The heart of her husband trusts in her,
And he will have no lack of gain.
Just a few decades ago, the fight against male chauvinism was a fierce one. Women fought for respect and equality, and while there were many noble intentions garnering intrinsic rights that I’m sure I take for granted today, there were also some sinister consequences. The biggest is abortion, but that’s a topic for another post. A very big consequence is the heartbreaking and marriage-killing pervasiveness of female chauvinism, or misandry.
Misandry is misogyny’s counterpart. While a misogynist could be found belittling, exploiting, ignoring, using, and/or abusing women, so behaves the misandrist toward men. And just as many men who would be accused of misogyny are married or have intimate relationships with women, many misandrists are married or intimate with men. Both would hotly deny the accusation that they hate the opposite sex, but their attitudes, actions, and words tell a different story. Misandry has become part of our culture, and many women — including Christian women — treat their husbands disrespectfully. It’s just so socially accepted and normal to belittle men that I think many wives don’t even realize it’s happening.
But look at how sweet Jewel the queen is described in the verse above! Lemuel trusts her implicitly, and has no lack of gain in any area of his life:
- Financially — She doesn’t say, “What he doesn’t know won’t hurt him.” She doesn’t make excuses. She doesn’t waste money. A man married to a woman like her doesn’t have to hold his breath every time the credit card statement comes in the mail. (And in fact, he sees every bill because she doesn’t hide it from him.) She watches her spending and questions every purchase in her mind. Instead of making excuses for compulsive purchases, she pauses and asks herself, “Do we need this? Do we have the money for this? Even if we have the money for this, could I spend this money in a more useful way, or could I find a better deal somewhere else?” Some people call this being cheap, but it’s actually being wise. You’re guarding your heart, your mind, your marriage, and your livelihood by thinking this way. More on this in another post.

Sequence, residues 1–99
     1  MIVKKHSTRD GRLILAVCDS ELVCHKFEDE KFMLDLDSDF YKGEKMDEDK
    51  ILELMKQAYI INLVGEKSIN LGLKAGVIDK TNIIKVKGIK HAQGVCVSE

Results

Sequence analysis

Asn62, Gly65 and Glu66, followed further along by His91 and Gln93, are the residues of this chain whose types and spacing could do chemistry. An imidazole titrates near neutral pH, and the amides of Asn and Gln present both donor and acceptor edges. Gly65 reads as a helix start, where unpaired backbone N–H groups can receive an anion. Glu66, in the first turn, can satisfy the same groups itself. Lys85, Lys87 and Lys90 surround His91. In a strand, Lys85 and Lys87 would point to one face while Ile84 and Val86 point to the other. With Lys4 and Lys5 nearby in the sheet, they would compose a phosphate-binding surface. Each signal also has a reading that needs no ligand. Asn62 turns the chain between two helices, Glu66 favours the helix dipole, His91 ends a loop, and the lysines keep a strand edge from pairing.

- Spiritually — She doesn’t gripe, “He’s just not being a spiritual leader,” all the while stomping all over him and usurping his leadership. She is a spiritual encourager. She is an example to him by being a faithful follower of Christ, but she doesn’t lord it over him or use it to point out his failings. She is careful not to help him chase idols. Ladies, we have incredible spiritual influence over our husbands (just ask King Solomon), but we must be gentle, humble, and quick to notice our own shortcomings instead of focusing on our husbands’. A sweet spirit goes a long way, but a nagging spirit is counterproductive.
- Sexually — She doesn’t say, “Oh, he knows who I’m coming home to!” when someone looks sideways at her for wanting to gather together with girlfriends and watch some very attractive actors stripping, or to discuss the “plot and characterization” of the latest sado-masochist best-seller. She recognizes explicit movies and erotic literature for what they are: pornography. She is completely faithful to her husband, recognizing that excuses about how this “entertainment” is fake and how it has improved her sex life is tantamount to giving her husband $500 in ones to blow at a strip club, with the only stipulation being that he spend his climax on her when he gets home. Um, nope. That’s so degrading to women!! How horrible! Exactly. It goes both ways. Besides, it doesn’t feel good to anyone to know that your spouse is more aroused by someone else, and only interested in you one night because of that someone else, whether that someone is fictional or not. The Proverbs 31 Woman has eyes and a heart only for her husband, and he feels completely loved and accepted by her sexually. (Yes, our men need and deserve that security, too.) So hopefully, it goes without saying that this woman also doesn’t say, “I have a headache,” kind of ever.